1999: According to The Internet Operating System Counter, the Mac OS and Linux are the fastest growing server operating systems.
Okay, this isn’t a joke so much as something I found interesting. Apparently when our good friend Mr. Jobs accused our other good friend, Mr. Gates, of stealing interface ideas, he replied like this: “No, Steve. I think it’s more like we both have this rich neighbour named Xerox, and when you broke in to […]
Myth II: Soulblighter is finally out! It took its sweet time getting here, but it has finally gotten to the stores. But was it worth the wait? What about the bug that delayed its release two weeks? Should I get it? These questions will be answered (unless I forget some).
I remember a time when the Mac was the laughing stock of the computer industry. It had “no software” (unless you compared it to, say, Amigas, Ataris, or other ‘toy’ computers). The market share was decreasing (but still large enough that companies in other markets would kill for it). Worst of all, there were virtually […]
This month I was planning on writing a nice little piece on the personal style of the Mac. A little article that talked about how cool they are with their aesthetics, design, and following. But that is no more. Due to some unaccounted for problems I will be writing about the possible advent of the […]
The Columbine massacre in Colorado has been on my mind – and probably yours as well. It’s very troubling on any number of levels.
“Computer, tell me a joke!” you say – and nothing happens. Why? Because you didn’t install the Speech Recognition software correctly.
1999: The idea of an iMac with “Intel inside” is both more and less ludicrous than it sounds.
It’s easy to visit a site like Low End Mac and find out when a model was first produced and when it was discontinued. But how do you determine how old a specific device is?
“Don’t lie to me, Gustav! You’re a stinkin’ Mac user!” – Ratbert, from a Dilbert comic strip, in which he proposes a “Holy War” in order to “standardize on one computer” by having the company “identify and eliminate the deviant users of Macintosh, Unix and – God help us – OS/2 Warp” “What if half the […]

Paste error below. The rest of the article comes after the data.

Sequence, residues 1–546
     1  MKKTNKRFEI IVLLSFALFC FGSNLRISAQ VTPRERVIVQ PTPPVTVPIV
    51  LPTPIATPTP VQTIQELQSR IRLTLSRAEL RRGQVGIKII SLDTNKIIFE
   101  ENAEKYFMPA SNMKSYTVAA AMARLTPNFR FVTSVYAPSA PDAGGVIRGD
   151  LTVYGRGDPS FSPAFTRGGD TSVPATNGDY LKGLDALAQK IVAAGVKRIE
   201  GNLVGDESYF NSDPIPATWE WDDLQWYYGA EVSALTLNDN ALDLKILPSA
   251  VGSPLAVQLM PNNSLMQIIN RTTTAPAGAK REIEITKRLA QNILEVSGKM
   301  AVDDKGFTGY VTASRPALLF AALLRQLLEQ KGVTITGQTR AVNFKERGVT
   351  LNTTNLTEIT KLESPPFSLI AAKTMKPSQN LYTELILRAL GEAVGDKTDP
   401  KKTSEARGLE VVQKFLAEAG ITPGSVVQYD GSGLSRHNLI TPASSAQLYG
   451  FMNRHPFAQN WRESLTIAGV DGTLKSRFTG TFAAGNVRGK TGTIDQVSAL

1999 – The Power Mac 7200 offered good value, but its only official upgrade path involved replacing the entire logic board. What other options were there?
1999 – It happens to the best of us, and it will probably happen to you eventually. Yep, it’s the one thing we all say won’t happen, but always does – a hard drive failure. I’ll show you how to safeguard your iMac from disaster, and, aside from some sort of disk drive, it won’t […]
1999: I think Apple surprised most of us by releasing the iMac Revision D at 333 MHz instead of 300 MHz. A lot of us had expected the lower speed, possibly coupled with a boost to 64 MB of RAM or the addition of a DVD player, neither of which happened.
1999 – I have an issue of BYTE magazine from many, many years ago with a cover story on benchmarking (along with one on a new computer from Apple called Macintosh). It’s a topic the computer industry has followed with keen interest for decades.
1999: Once upon a time there was a compact computer called the Macintosh. It used small disks, a small keyboard, and a small screen. Then a company called Radius invented a revolutionary device: a full page display for the Macintosh. Unlike conventional displays, this was a portrait monitor – taller than it was wide.
1999: Mark Twain is purported to have said, “There are lies, damned lies, and statistics.” Whether he actually said it or not, the fact remains that statistics can and do lie. Of all computer users, Mac users should know it best.
code name: Lifesavers Skipping right past 300 MHz and coming on the market just three months after the 266 MHz Revision C iMac, the Revision D iMac runs at a speedy 333 MHz. In addition to a 25% faster CPU, the iMac 333 ships in the same five colors: tangerine, grape, lime, blueberry, and strawberry.
The PowerBook 1400 was available in several different configurations, including two different displays (dual-scan and active matrix) and three different CPU speeds (117, 133, and 166 MHz). Only the 117 MHz version merits a Road Apple rating – and only because Apple left out the Level 2 (L2) cache.
So you have an iMac or Blue & White G3, and you totally love it – but you need to buy a low-cost removable-media drive. What should you get? With this criteria, you have three options: a Zip drive, a SuperDisk (a.k.a. LS-120) drive, or a standard floppy drive.
The Macintosh IIcx, IIci, and Quadra 700 share the same case design, and some users have found it a challenge removing the hard drive. That’s a shame, because the IIcx was designed for ease of construction. Apple demonstrated assembling one from part in under two minutes, if I recall correctly. You can use any standard […]
1999 – If you haven’t read Fred Langa’s latest anti-Mac tirade, you’ve missed a great compilation of misinformation and innuendo. (By now most Mac users know that Fred Langa seems to have a low tolerance for Apple Computer, the Macintosh, and especially the iMac.)
1999 – Like any other computer, the iMac, has it’s occasional problem. I’m not talking about a problem like, “Oh no, I got lime, but I wanted grape” or “Where’s the serial port?” I’m talking about bigger problems, like the devastating flashing question mark.
For the past several weeks, we’ve been buying and installing new Power Mac G3s at work. You know, the Blue and White ones.